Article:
Reynolds, Henry: Australia’s perpetual ‘war footing’

Henry Reynolds

Australia’s perpetual “war footing”‘, Pearls and Irritations, 7 May 2018

Riffs off a belligerent interview in 2013 by then Defence Minister, Senator David Johnston.

[Johnston] clearly took it for granted that there was a need for Australian military intervention on the far side of the world and that the country had the legal and moral right to do so whenever and wherever it pleased. Efficient and mobile forces needed wars to maintain morale. Anywhere, it seemed, would do. The army was ready for action and should be given its head while the Minister himself clearly wanted a war of his own.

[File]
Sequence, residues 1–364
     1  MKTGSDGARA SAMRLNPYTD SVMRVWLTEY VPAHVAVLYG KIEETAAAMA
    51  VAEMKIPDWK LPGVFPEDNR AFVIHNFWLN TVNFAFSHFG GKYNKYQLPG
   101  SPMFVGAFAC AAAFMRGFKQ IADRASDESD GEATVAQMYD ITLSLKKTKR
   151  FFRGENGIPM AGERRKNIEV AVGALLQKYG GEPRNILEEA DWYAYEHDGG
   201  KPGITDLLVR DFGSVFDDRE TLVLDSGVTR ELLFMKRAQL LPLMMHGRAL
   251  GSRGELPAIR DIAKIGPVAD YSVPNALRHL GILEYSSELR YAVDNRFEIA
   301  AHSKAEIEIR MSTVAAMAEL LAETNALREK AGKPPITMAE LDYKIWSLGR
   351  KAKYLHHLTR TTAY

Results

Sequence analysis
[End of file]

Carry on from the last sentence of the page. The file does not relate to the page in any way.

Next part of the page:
The lack of contemporary reaction to Johnston’s belligerence was remarkable – Honest History picked it up, but not until late 2014 in this piece – but Johnston’s belligerence was prophetic given our military adventures since (Afghanistan, South China Sea, Syria and so on). Reynolds also notes the bipartisanship that has prevailed.

So clearly Australia punches above its weight. Whether we benefit from that behaviour is another matter altogether. The pitiful level of public debate about foreign and defence policy in the country allows us to avoid searching self-analysis. Government and Opposition advance in lock-step and the camp followers in Canberra’s think-tanks tag along behind.

There are double standards, for example, in relation to maritime interventions in the South China Sea, compared with what would happen if China sailed, say, along the Great Barrier Reef.

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